schedule or make legal marijuana which is now scheduled one for those purposes. all of those things can be done without reducing the schedule or to legalize marijuana plant itself. it's no surprise to you or opposed to that i am the legalization of marijuana. what is surprising is the new york times editorial board is fully supportive of the legalization of marijuana. i have two response pieces to the new york times that i would like to submit for the record. one from the white house office of national drug control policy, by another opinion piece peter wiener published in the wall street journal on tuesday. legalization is not the answer, nor is it a prudent decision for america. marijuana remains a dangerous, highly addictive drug, even science will tell you that. >> without objection, both of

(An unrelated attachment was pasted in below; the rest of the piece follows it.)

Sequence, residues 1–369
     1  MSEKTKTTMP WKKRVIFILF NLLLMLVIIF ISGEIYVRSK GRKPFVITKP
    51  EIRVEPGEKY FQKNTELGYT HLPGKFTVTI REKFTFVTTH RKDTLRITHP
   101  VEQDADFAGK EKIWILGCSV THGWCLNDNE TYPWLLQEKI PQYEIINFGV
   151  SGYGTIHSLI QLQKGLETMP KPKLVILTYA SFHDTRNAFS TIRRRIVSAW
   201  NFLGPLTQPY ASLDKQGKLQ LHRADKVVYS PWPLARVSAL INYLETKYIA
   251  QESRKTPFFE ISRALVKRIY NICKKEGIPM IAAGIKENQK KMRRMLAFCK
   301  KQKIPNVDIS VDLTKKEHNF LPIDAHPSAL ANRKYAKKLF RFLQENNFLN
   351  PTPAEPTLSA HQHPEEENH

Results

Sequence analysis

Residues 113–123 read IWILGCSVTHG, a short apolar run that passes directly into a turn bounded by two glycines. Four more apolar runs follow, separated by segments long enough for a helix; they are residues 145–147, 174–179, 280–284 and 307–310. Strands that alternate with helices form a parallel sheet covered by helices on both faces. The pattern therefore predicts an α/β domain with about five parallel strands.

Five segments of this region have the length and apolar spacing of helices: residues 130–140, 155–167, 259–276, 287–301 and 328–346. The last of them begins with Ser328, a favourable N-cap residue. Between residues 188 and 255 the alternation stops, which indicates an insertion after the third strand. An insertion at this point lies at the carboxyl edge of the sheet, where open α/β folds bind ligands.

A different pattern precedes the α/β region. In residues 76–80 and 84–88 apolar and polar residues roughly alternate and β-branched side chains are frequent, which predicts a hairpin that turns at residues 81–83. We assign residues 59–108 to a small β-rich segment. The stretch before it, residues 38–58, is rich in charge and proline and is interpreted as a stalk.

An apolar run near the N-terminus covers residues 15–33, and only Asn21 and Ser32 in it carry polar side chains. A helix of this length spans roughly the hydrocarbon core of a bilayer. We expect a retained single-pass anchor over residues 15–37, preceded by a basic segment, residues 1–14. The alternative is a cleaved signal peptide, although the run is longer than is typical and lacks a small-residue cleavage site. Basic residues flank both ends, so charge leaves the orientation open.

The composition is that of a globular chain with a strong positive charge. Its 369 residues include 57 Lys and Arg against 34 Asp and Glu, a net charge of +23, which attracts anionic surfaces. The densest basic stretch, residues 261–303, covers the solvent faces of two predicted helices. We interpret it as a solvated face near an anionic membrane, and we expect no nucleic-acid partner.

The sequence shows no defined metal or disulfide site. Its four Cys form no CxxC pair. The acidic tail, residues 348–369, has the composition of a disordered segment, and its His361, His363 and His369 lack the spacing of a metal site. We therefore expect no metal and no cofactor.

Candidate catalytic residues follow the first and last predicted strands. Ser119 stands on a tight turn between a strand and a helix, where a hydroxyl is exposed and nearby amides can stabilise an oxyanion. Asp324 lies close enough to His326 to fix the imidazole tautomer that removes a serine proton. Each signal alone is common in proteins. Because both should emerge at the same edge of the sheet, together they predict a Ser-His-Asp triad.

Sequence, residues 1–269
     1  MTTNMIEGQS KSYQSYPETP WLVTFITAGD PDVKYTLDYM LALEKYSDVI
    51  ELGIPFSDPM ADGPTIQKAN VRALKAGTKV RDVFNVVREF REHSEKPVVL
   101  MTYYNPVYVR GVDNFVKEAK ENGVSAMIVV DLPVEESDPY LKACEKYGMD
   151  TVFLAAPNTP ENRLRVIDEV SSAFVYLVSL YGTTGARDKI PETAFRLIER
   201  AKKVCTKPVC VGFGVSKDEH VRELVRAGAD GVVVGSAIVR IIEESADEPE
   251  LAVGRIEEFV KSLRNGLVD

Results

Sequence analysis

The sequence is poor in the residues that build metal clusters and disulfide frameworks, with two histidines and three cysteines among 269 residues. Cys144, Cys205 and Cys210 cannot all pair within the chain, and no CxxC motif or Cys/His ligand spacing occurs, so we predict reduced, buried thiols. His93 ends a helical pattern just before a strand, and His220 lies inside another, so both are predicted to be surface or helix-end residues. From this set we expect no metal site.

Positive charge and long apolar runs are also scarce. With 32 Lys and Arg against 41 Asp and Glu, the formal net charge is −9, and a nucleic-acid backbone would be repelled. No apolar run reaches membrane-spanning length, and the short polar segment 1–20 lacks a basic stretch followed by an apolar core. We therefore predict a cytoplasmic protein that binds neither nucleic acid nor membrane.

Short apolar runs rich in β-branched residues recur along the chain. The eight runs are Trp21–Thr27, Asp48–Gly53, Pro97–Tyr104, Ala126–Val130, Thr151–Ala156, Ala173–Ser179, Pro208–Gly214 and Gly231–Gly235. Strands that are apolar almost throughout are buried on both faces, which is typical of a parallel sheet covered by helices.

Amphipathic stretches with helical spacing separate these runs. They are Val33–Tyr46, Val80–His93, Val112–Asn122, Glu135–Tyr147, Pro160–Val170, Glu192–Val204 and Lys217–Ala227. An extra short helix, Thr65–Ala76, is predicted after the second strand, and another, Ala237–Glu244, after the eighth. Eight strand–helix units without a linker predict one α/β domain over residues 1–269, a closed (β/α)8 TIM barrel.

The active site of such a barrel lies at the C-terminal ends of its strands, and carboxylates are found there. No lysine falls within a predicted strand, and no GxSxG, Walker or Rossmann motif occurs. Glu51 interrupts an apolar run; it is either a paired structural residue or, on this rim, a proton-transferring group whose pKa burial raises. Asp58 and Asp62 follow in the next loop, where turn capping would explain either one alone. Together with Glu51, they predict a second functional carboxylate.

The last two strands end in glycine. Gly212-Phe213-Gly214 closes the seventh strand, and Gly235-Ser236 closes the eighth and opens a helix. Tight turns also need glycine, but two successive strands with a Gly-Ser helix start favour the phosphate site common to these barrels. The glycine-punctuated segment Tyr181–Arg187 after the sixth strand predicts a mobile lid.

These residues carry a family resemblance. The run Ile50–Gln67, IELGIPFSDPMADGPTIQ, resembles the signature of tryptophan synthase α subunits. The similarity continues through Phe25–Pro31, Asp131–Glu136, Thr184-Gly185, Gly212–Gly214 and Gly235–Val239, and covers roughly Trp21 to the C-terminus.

those articles -- statements will be made part of the record. there being no further opening statement, members have seven days to submit opening statements for the record. now let me proceed and recognize our first panel. the first panel consists of christopher hart, the active chairman of the national transportation safety board. mr. jeff michael is the administrator for research and program development of the national highway traffic safety administration. ms. patrice kelly is acting director for the office of drug and alcohol policy and compliance at the department of transportation, and mr. ron fleagle is the director for the division of workplace programs at the center for substance at theevenge and